The anthology contains twenty-two essays and is divided into two parts. The essays are, in the main, critical responses to aspects of what has come to be known in action theory as the ‘Standard View’ – the view that traces back to Donald Davidson's contribution to twentieth-century philosophy of action. The view under criticism treats actions as bodily movements caused in a non-deviant way by belief–desire pairs, construes these belief–desire pairs as the primary reasons for the actions that they cause, (...) and embraces event-causality.The issue of how we should conceive of action is taken up in several essays. For example: in Essay 1, Fred Dretske challenges the view that actions are external events that are the effect of the reasons for which the action is done. In Essay 16, Helen Steward, proposes that, instead of treating the availability of a reason-giving explanation as essential to action, we should construe action as ‘an exercise of the power of bodily control by an animal’. In Essay 21, Jonathan Dancy argues for a deflationary approach to actions, which forgoes treating actions ‘as individuals, with identity conditions’.Other authors – for example, Stephen Everson, Rowland Stout and Maria Alvarez – focus on the issue of what reasons for action are. Are they psychological states, or propositions, or states of affairs? Also under review is how to distinguish different kinds of reason: normative and explanatory reasons, and even explanatory and motivating reasons. (shrink)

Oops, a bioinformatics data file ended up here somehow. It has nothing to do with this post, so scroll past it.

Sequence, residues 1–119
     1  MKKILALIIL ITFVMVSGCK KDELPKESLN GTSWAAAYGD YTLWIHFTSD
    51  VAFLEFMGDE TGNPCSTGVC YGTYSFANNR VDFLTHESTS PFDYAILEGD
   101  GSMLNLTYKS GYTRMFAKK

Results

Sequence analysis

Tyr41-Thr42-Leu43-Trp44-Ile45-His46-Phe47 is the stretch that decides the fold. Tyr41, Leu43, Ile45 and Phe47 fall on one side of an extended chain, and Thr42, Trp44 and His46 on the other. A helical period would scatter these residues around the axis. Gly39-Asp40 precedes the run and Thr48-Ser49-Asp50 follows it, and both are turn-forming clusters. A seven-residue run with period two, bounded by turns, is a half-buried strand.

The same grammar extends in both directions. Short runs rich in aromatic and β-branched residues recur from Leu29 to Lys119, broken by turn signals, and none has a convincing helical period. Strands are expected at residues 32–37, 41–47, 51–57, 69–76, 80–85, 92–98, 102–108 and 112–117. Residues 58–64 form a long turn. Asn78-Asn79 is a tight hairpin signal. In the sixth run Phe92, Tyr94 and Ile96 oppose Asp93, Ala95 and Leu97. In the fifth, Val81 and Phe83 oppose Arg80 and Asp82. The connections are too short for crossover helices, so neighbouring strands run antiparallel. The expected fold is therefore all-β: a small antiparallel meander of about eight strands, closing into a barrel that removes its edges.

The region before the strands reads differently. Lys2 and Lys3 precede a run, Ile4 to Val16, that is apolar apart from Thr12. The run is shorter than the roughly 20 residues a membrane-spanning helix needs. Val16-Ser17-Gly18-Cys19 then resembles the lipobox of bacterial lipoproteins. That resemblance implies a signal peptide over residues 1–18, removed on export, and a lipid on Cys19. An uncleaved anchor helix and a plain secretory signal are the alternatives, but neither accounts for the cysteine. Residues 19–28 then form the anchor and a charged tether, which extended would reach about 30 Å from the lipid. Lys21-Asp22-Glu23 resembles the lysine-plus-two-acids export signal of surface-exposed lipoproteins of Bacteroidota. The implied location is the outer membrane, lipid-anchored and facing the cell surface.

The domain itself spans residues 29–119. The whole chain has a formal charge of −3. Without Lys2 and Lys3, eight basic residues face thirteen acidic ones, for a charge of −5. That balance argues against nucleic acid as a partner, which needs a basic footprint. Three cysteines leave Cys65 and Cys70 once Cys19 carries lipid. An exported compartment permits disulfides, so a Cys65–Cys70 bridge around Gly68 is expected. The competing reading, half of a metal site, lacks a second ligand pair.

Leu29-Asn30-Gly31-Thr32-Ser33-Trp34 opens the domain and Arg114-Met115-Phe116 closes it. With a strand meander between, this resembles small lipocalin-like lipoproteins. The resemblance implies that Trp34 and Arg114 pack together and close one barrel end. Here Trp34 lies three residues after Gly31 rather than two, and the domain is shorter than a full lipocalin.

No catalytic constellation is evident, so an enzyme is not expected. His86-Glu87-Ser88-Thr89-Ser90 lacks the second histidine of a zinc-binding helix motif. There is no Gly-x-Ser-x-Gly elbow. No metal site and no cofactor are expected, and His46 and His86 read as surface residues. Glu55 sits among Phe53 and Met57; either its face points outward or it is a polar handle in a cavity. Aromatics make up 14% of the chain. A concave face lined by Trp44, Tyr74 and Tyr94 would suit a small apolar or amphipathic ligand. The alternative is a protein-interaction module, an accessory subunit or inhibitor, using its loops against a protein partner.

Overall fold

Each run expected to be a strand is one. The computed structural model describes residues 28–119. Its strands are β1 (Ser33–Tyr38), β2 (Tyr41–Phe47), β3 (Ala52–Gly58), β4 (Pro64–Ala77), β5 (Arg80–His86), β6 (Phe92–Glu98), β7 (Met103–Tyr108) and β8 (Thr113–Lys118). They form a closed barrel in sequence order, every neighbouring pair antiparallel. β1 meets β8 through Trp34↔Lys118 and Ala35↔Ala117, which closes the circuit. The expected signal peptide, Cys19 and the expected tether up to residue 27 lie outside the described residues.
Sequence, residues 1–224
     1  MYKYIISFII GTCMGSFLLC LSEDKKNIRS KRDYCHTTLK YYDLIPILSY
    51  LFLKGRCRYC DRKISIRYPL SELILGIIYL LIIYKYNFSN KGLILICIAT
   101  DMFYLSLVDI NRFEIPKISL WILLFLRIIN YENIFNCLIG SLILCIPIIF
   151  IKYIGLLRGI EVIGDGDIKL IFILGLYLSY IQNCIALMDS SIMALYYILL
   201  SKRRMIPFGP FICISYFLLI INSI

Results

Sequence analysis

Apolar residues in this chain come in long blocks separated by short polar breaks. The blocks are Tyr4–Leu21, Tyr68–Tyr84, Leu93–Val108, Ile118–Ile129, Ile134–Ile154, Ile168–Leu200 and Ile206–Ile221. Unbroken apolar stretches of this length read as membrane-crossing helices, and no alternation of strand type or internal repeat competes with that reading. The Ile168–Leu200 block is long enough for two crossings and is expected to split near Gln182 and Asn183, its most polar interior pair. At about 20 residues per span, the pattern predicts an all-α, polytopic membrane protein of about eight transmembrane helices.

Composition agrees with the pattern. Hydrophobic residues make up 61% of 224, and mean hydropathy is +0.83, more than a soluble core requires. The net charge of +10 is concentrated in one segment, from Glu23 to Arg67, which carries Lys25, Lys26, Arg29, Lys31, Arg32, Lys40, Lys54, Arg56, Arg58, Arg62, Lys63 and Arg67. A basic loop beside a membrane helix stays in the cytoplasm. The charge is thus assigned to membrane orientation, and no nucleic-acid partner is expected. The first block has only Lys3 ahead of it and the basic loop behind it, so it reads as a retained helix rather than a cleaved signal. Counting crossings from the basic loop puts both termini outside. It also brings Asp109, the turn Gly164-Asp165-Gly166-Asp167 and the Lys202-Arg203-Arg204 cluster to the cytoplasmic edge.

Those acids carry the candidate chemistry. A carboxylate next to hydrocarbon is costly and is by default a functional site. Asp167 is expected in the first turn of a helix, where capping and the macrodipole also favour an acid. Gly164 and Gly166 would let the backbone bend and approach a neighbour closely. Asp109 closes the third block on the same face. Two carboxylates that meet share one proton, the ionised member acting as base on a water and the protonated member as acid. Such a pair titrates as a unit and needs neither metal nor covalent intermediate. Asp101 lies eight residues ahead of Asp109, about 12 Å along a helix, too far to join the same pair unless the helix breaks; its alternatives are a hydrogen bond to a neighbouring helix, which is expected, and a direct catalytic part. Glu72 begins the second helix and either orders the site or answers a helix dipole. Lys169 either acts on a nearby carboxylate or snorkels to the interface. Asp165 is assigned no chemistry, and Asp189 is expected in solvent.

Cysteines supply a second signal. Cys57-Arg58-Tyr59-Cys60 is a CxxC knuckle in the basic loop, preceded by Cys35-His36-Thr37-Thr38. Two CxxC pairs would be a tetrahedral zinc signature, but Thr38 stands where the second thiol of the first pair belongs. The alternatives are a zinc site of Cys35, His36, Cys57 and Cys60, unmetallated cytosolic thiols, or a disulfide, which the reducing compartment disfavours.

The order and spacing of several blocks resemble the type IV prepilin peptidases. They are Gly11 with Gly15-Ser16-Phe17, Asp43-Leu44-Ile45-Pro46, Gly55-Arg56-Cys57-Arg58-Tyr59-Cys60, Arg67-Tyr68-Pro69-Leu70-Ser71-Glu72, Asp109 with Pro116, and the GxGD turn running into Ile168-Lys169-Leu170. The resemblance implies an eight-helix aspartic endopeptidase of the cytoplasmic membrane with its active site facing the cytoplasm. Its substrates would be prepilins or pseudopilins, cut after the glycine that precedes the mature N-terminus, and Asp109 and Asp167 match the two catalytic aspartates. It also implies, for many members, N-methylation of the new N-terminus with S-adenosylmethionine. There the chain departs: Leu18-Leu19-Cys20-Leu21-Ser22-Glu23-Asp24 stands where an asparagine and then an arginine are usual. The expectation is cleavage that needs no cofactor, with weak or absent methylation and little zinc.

This paper explores the role of empathy and detachment in historical explanation by comparing Collingwood and Hume's philosophies of history to Brecht and Stanislavki's theories of theatre. I argue that Collingwood's notion of re-enactment shares much more with Hume and Brecht than it does with Stanislavski. This enables a just medium between rationalistic and empathetic accounts of historical understanding, as recently put forth by Mark Bevir and Karsten Stueber respectively.
Throughout his work Hegel distinguishes between the notion of an act from the standpoint of the agent and that of all other standpoints. He terms the formerHandlung and the latterTat. This distinction should not be confused with the contemporary one between action andmerebodily movement. For one, bothHandlungandTatare aspects of conduct that results from the will,viz. Tun. Moreover, Hegel's taxonomy is motivated purely by concerns relating to modes of perception. So whereas theorists such as Donald Davidson assert thatallactions are events that (...) are intentional under some description, Hegel reserves the term ‘action’ for those aspects of behaviour that are highlighted by a specific set of agent-related descriptions. This is not an ontological category, since there are no such objects as actions-under-specific-descriptions.Sophocles'sTheban Trilogyreveals the central role that these notions must play in any Hegelian understanding of tragic drama. Indeed the contrasts that matter most to Hegel's general take on both epic and tragic poetry are more closely related to the study of action than the standard theory attributed to Hegel would seem to allow. It is more fruitful, then, to incorporate Hegel's insights into such tragedies to the model of action employed by him than it is to try to make them fit whatever ‘theory’ of tragedy might appear to be hinted at in hisAesthetics. (shrink)